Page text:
Kobalos Malware Threat Intel Advisory

Published 05 March 2021


  • Kobalos is a sophisticated malware that has a small yet complex codebase
  • The malware targets Linux, BSD, Solaris and other operating systems

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Advisory
Malware Advisory
Type
Credential Stealer, Backdoor
Name
Kobalos Malware
Affected Industries
IT & ITES, Government services

 

Kobalos is a sophisticated Linux malware that has a small, yet complex codebase. In January 2021, ESET Researchers discovered this malware actively targeting high-performing computers across multiple organizations. Although the malware’s codebase is tiny it is enough to attack Linux, BSD, Solaris and probably other operating systems as well.

 

Execution

Kobalos was detected targeting supercomputer clusters in Poland, Canada and China. Kobalos operators deploy a different malware to hijack SSH server connections and steal credentials. Followed by which, the stolen credentials are used to penetrate the computer clusters to mobilize Kobalos. It works as a backdoor and abuses specific TCP source ports.

Kobalos allows attackers to access the file system remotely, generate terminal sessions, etc. One of the unique features of this malware is that it can turn a compromised server into a C2 server with a single command. Once the malware is dropped on a supercomputer, the code is hidden in an OpenSSH server executable and Kobalos listens to a specific TCP source port which then triggers the backdoor. The other Kobalos variants act as middlemen for traditional command-and-control (C2) server connections.

Kobalos
Kobalos features and ways to access them

 

Kobalos code is held in a single function that periodically calls itself to perform subtasks making it harder for reverse engineering. The backdoor requires a private 512-bit RSA key and a 32-byte-long password to be executed. Once validated RC4 keys are exchanged and further communication is encrypted with them.

 

MITRE ATT&CK Tactics

Tactic
Name/ ID
Persistence Compromise Client Software Binary (TI554), Traffic Signaling (TI205)
Defense Evasion Clear Command History (T1070.003), Timestomp (T1070.006), Software Packing (T1027.002)
Command and Control Encrypted Channel: Symmetric Cryptography (T1573.001), Encrypted Channel: Asymmetric Cryptography (T1573.002), Proxy: Multi-hop Proxy (T1090.003)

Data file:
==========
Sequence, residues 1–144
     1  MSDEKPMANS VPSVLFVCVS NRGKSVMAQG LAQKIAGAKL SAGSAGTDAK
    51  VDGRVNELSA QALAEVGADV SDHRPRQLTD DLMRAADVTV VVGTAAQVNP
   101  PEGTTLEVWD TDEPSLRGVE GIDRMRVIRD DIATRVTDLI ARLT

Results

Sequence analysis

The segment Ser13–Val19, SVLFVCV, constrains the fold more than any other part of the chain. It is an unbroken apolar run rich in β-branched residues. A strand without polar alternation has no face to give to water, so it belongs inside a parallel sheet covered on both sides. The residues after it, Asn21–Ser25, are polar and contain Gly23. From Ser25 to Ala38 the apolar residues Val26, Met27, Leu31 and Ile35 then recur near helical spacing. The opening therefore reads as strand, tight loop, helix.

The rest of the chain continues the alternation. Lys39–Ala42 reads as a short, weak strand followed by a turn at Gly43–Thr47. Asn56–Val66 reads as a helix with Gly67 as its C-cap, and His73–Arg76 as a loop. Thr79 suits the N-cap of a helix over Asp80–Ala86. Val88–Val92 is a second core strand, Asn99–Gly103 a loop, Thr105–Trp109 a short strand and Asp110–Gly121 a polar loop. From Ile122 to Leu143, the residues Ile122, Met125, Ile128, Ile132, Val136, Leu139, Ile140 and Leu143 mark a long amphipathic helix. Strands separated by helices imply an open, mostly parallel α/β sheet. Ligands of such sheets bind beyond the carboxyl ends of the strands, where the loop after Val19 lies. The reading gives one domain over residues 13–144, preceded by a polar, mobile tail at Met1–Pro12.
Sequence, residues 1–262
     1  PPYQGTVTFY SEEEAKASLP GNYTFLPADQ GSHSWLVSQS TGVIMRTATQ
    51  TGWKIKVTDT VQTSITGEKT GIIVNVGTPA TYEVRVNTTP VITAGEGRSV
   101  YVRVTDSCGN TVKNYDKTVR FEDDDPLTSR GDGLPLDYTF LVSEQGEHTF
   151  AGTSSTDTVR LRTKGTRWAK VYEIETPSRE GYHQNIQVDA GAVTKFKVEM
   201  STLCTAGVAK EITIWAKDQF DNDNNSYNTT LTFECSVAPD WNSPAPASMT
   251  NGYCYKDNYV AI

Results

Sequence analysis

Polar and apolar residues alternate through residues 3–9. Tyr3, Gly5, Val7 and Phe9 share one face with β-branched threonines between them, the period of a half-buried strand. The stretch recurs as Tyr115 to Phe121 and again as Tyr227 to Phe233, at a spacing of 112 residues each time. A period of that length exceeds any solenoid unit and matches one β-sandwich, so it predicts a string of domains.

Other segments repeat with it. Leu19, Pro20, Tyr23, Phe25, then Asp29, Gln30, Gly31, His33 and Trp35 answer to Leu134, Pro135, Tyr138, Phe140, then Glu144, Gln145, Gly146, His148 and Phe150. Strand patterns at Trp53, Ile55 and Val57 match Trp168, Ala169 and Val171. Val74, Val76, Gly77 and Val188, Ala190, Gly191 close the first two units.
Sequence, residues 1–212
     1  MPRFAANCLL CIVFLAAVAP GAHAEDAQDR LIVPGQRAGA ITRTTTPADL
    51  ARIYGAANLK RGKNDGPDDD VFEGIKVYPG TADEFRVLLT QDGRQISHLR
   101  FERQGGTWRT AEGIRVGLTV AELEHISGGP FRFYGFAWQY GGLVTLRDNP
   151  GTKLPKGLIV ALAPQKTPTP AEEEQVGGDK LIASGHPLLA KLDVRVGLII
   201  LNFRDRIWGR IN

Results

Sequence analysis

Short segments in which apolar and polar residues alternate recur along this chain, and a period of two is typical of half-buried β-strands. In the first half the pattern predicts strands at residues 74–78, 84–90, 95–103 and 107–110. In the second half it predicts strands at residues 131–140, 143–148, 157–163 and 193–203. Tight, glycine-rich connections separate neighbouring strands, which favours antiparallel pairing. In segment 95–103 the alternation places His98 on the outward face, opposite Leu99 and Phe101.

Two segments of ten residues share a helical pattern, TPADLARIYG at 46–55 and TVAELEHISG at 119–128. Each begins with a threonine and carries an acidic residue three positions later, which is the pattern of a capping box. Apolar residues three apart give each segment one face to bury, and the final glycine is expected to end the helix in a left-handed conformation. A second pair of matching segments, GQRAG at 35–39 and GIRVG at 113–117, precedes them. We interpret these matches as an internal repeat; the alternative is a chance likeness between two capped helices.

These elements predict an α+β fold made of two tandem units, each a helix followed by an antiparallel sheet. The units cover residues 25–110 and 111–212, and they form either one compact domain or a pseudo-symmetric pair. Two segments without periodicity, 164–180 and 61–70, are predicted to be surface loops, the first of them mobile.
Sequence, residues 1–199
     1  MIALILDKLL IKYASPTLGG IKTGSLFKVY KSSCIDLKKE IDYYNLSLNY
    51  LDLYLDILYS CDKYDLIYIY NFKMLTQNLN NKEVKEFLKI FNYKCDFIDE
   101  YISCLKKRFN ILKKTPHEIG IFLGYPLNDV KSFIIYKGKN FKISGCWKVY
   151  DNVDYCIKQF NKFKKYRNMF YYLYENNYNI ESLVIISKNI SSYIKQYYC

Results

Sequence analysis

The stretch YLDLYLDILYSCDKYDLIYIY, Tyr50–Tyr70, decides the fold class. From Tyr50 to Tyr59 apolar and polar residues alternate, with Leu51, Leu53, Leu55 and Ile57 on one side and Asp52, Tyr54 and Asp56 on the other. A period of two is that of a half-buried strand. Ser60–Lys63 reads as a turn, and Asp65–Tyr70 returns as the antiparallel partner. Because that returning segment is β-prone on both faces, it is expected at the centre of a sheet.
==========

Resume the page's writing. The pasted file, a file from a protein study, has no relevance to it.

Impact

Business Impact
  1. Financial loss to the organization if its operations are interrupted
  2. Loss of brand reputation
  3. Compromised PII leads to social engineering attacks
Technical Impact

Creates a backdoor which allows access to the user’s device. Through which the attacker will be able to modify files or launch the malicious software.

 

Indicators of Compromise

   SHA1
  1. 1dd0edc5744d63a731db8c3b42efbd09d91fed78
  2. 325f24e8f5d56db43d6914d9234c08c888cdae50
  3. 479f470e83f9a5b66363fba5547fdfcf727949da
  4. 659cbdf9288137937bb71146b6f722ffcda1c5fe
  5. 6616de799b5105ee2eb83bbe25c7f4433420dff7
  6. a4050a8171b0fa3ae9031e0f8b7272facf04a3aa
  7. affa12cc94578d63a8b178ae19f6601d5c8bb224
  8. c1f530d3c189b9a74dbe02cfeb29f38be8ca41ba
  9. e094dd02cc954b6104791925e0d1880782b046cf
  10. fbf0a76ced2939d1f7ec5f9ea58c5a294207f7fe
    SHA256
  1. 13cbde1b79ca195a06697df937580c82c0e1cd90cc91c18ddfe4a7802e8e923a
  2. 29e2f15a4a6275f43d86cf613c2934171aa5be187da7fdaa99a006245890de1f
  3. 4d610283c93904d984a42269aef65c2cab89f4a127d9c229a700e6aaf9d7000e
  4. 6c36e0341ea1529665de88b690a19a18ea02d2a2a5bae6d745e01efc194e486a
  5. 73576d5a21ec2f164fe37bea86964e18dca1b800a8c7a104223cc35d74e7bd58
  6. 75edf6662811d001da179b96bd06d675aa2439fd88a981cc84f24b4a5b4f8f45
  7. 9ed33b43e679ad98615e1a4e8c46dbeb9b93271625e46f4b4d021099b4b6fb74
  8. d51cb52136931af5ebd8628b64d6cd1327a99196b102d246f52d878ffb581983
  9. dd1b3cd0042d4c090bc72099f30e4b76d5f2772f9f9f95176f2c59bc2ac30aa8
  10. f8c931767bc0ab951b72ab691163e6d1fc3c50e4ceee5277858d3e77a0c02e92

 

Mitigation

  1. Use updated antivirus software that detects and stops malware infections
  2. Apply critical patches to the system and application
  3. Use strong passwords and enable 2FA over logins
  4. Check the privileges and permission allotted to the user
  5. Make it easy for users to report suspicious behavior
  6. Back-up data regularly 

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